The itching desire of oppressing the presse with many sottish and illiterate Libels, stuft with all manner of ribaldry, and sordid inventions, when every foule-mouthed male-content may disgorge Tincta licambæo sanguine tela dabit, Ovid in Ibin. his Licambæan poyson in the face of all the world, hath broken out into such a dismall contagion in these our dayes, that every scandalous tongue and opprobrious witte, like the Italian Mountebanks will advance their pedling wares of detracting virulence in the publique Piatza of every Stationers shoppe. And Printing that was invented to be the store-house of famous wits, the treasure of Divine literature, the pandect and maintainer of all Sciences, is become the receptacle of every dissolute Pamphlet. The nursery and hospitall of every spurious and penurious brat, which proceeds from base phreneticallB2 ticall B2v 2 ticall braine-sicke bablers. When scribimus indocti must be the motto of every one that fooles himselfe in Print: tis ridiculous! but when scribimus insani should bee the signiture of every page, tis lamentable our times so stupidly possest and benumd with folly, that wee shall verifie the Proverbe, L’usanza commune non è peccato, sinnes custome-house hath non sine privilegio, writ upon his dores, as though community in offence could make an immunitie: No! use of sinne is the soules extortion, a biting fænorie that eates out the principle. Yet wofull experience makes it too true, consuetudo peccandi tollit sensum peccati, as may bee seene by the workes of divers men that make their pens their pensils to limme out vice that it may seeme delicious and amiable; so to detract from vertue and honesty, as though their essence were onely in outward appearance of goodnesse, as if mortality were onely circumscribed within the conditions of our sex, cælum ipsum petimus stultitia, foolish man will reprehend his Creator in the admirable worke of his generation and conservation: Woman the second edition of the Epitome of the whole world, the second Tome of that goodly volume compiled by the great God of heaven and earth is most shamefully blurd, and derogatively rased by scribling penns of savage & uncought monsters. To what an irregular straine is the daring impudence of blind-fold bayards aspired unto? that they will presume to call in question even the most absolute worke composed by the worlds great Architect?tect? B3r 3 tect? A strange blasphemy to finde fault with that which the Privy Councell of the high and Gen.I.Gen.1 mighty Parliament of the inscrutable Tri-unitie in Heaven determined to be very good. To call that imperfect, froward, crooked and perverse to make an arraignment and Beare-baiting of that which the Pantocrator would in his omniscient wisedome have to be the consummation of his blessed weekes worke, the end, crowne, and perfection of the never-sufficiently glorified creation. What is it but an exorbitant phrensie, and wofull taxation of the supreme deitie. Yet woman μικρόκοσμος. the greatest part of the lesser world is generally become the subject of every pedanticall goose-quill. Every fantasticke Poetaster which thinkes he hath lickt the vomit of his Coriphæus and can but patch a hobling verse together, will strive to represent unseemely figments imputed to our sex, (as a pleasing theme to the vulgar) on the publique Theatre: teaching the worser sort that are more prone to luxurie, a compendious way to learne to be sinfull. These foule mouth’d raylers, qui non vident ut corrigant, sed quærunt quid reprehendant, that reproove not that they might reforme, but pry into actions that they might carpe and cavill: so that in this infamous profession they farre exceed the vildest kinde of Pharisaicall ostentation, and so surmounting beyond Aut ut Anaxarchus pila minuaris in alta. Ovid in Ibin. Benvenuto. Ital. all comparison railing Anaxarchus, who for his detracting and biting tongue was pestled to death in a brazen morter. Who as a learned Tuscan speaketh, gli miseri vanno a tentone altrevolte B3 a car- B3v 4 a carpone per facer mercatantia dell’altrui da lor inventata è seminata vergogna, impudicamente cercano l’altrui deshonor erger la meretricia fronte & malzar la impudiche corna: these wretched miscreants goe groaping, and sometimes on all foure, to traffique with other folkes credits by their owne divulged and dispersed ignominie. That impudently seeke by others dishonour to set a shamelesse face on the matter, and thus to put out their immodest hornes to butt at, and gore the name and reputation of the innocent, being so besotted with a base and miserable condition, and blinde in themselves, they blush not in their tongues to carry the gall of Rabilius, and in their chaps the poyson of Colimachus in their mouthes, the flame of mount Ætna in their eyes, Jupiters lightning which he darted at the Centaures, in their thoghts Bellonaes arrowes, in their serpentine words the bitternesse of Sulmo against Orbecca, blending and Plus aloes quam mellis habent. commixing all their discourse with epaticke aloes and unsavourie simples, deriving all their ingredients of their venomed Recipes from the Apothecaries shop of the Devill. Notwithstanding, as the same learned man metaphorically speakes, Cotesti usei scangerati, cittá senza muro, navi senza governo, vasi senza coperto cavalli indomiti senza freno non considerano. These wide open-dores, these unwalled townes, these rudderlesse shippes, these uncoverd vessels, these unbrideled horses doe not consider that the tongue being a very little member should never goe out of that same ivory gate, in which, (not without a great mystery)sterie) B4r 5 stery) divine wisedome and nature together hath enclosed, it signifying that a man should give him selfe eyther to vertuous speech, or prudent silence, and not let tongue and pen runne up and downe like a weaponed madde-man, to strike and wound any without partiality, every one without exception, to make such an universall massacre ( Un coup de langue est plus dan gereux qu’un coup de lance. GalGallic: provproverb: for so I may terme it, seeing words make worse wounds then swords) yet lest villanie domineere and triumph in furie, wee will manicle your dissolute fist, that you deale not your blowes so unadvisedly. Though feminine modesty hath confin’d our rarest and ripest wits to silence, wee acknowledge SophoclSophocles: AjAjax: γυναιξὶ κοσμὸνἣ σίγη φέρει it our greatest ornament, but when necessity compels us, tis as great a fault and folly loquenda tacere, ut contra gravis est culpa tacenda loqui, being too much provoked by arrainments, baytings, and rancarous impeachments of the reputation of our whole sex, stulta est clementia―― perituræ parcere cartæ, opportunity of speaking slipt by silence, is as bad as importunity upheld Loqui quæ decet est melius quam tacere. by babling λαλει̂ν ἁ πρέπει, κρει̂ττον ἤ σιωπα̂ν. Know therefore that wee will cancell your accusations, travers your bils, and come upon you for a false inditement, and thinke not tis our waspishnesse that shall sting you; no sir, untill we see your malepert sausinesse reformed, which will not be till Literam longam trahere. you doe make a long letter to us, we will continue Juno’es,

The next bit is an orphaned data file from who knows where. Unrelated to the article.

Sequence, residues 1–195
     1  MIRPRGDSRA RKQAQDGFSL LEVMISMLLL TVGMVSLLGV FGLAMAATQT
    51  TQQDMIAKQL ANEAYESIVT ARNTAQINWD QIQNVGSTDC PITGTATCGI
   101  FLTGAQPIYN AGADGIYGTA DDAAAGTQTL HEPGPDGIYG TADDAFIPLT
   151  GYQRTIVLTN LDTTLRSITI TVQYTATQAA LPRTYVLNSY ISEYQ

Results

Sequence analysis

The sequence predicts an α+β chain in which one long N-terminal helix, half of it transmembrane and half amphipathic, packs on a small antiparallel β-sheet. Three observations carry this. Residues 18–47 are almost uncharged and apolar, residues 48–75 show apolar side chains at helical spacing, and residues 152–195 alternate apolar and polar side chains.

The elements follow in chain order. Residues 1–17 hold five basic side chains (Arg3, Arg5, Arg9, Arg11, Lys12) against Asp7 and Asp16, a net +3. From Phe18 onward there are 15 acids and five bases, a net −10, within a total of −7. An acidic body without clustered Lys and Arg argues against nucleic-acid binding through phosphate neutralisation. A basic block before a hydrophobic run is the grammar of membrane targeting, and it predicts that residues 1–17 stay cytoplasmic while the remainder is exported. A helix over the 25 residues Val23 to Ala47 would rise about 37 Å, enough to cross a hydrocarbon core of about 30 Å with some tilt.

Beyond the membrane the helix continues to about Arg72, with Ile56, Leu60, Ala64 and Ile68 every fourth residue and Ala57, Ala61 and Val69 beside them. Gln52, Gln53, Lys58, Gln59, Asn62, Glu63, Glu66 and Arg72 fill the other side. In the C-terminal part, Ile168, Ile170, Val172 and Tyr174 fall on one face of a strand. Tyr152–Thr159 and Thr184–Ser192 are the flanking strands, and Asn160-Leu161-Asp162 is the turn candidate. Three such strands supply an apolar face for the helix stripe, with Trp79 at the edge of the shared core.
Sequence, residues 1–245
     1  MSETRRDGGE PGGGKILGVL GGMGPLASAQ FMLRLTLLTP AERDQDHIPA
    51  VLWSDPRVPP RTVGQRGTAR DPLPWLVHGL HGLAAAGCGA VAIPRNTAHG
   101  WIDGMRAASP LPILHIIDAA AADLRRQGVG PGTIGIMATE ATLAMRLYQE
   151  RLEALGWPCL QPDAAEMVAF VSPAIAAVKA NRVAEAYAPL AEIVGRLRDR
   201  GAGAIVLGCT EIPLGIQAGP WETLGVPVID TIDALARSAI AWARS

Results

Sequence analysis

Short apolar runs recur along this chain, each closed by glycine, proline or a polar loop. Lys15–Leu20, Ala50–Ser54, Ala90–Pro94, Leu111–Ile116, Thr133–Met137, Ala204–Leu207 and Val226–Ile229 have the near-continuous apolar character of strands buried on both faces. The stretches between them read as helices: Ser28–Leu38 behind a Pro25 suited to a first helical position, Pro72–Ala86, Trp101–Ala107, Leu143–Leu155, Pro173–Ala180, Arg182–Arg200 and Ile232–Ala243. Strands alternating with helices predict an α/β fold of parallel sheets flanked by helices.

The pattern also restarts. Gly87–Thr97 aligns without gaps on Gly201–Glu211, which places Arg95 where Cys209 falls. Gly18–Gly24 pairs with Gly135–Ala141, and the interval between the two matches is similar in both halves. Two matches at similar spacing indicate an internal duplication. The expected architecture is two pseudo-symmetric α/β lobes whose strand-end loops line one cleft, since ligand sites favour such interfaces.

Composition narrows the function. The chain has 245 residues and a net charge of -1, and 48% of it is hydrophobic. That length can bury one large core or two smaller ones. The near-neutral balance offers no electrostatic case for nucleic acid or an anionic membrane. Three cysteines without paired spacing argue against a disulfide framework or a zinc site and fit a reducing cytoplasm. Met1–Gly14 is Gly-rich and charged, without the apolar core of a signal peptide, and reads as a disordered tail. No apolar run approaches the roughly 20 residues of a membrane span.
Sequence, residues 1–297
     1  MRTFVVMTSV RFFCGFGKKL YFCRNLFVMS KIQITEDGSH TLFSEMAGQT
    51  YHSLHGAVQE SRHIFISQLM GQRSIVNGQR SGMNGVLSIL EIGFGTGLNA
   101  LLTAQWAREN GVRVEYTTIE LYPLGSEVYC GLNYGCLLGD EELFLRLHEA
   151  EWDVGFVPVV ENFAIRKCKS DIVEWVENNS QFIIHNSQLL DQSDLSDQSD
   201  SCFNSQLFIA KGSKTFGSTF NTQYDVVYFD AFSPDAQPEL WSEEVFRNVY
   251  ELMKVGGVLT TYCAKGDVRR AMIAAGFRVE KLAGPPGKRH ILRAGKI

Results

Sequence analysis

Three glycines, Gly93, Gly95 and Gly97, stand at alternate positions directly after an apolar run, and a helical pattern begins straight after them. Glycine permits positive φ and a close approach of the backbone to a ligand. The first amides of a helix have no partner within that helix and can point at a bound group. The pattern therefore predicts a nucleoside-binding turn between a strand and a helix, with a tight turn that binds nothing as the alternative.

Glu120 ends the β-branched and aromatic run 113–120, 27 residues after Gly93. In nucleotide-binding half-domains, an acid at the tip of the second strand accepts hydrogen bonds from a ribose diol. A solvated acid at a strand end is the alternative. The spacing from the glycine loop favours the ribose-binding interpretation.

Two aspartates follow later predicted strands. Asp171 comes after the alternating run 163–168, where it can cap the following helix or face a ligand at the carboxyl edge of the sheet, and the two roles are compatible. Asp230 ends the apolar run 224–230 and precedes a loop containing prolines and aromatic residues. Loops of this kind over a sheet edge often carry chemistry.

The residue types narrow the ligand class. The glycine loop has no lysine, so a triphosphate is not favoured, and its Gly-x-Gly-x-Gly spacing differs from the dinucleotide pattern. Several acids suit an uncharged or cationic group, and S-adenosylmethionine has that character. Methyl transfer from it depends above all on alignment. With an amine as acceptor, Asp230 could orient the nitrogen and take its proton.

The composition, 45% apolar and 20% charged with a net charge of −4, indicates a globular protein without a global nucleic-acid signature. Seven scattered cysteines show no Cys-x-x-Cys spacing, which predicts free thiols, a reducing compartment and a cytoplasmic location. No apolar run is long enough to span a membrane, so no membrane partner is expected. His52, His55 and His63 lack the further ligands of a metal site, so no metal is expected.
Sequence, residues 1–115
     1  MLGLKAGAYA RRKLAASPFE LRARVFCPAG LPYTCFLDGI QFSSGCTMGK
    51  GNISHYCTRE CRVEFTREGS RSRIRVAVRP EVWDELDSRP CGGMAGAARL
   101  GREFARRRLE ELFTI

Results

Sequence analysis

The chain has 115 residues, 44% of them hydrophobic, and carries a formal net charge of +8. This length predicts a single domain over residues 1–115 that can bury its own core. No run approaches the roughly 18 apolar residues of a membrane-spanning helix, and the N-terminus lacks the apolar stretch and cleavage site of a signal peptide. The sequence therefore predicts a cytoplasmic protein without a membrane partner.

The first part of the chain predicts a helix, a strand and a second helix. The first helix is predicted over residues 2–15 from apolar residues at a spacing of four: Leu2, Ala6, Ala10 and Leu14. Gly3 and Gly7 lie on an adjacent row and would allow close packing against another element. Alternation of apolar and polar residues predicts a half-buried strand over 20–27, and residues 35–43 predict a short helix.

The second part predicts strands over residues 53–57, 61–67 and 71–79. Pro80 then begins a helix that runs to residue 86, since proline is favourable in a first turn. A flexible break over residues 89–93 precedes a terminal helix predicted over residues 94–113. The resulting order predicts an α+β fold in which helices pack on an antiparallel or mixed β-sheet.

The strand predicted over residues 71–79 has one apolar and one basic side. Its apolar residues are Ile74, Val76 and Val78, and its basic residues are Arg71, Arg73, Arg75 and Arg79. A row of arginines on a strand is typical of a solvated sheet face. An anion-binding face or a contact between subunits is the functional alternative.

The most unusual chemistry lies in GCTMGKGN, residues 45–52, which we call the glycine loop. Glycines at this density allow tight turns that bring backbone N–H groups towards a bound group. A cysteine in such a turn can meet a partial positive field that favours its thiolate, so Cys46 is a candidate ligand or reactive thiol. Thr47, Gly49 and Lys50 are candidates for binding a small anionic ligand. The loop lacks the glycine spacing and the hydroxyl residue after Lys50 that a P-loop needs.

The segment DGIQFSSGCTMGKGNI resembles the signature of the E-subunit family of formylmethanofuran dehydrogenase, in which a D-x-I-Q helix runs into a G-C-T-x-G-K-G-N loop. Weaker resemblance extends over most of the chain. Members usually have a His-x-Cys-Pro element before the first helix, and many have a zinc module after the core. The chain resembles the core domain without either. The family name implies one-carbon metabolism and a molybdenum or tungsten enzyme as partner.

Non sic abibunt odia vivaces aget violentus iras animus Sanusque dolor æterna bella pace sublatâ geret.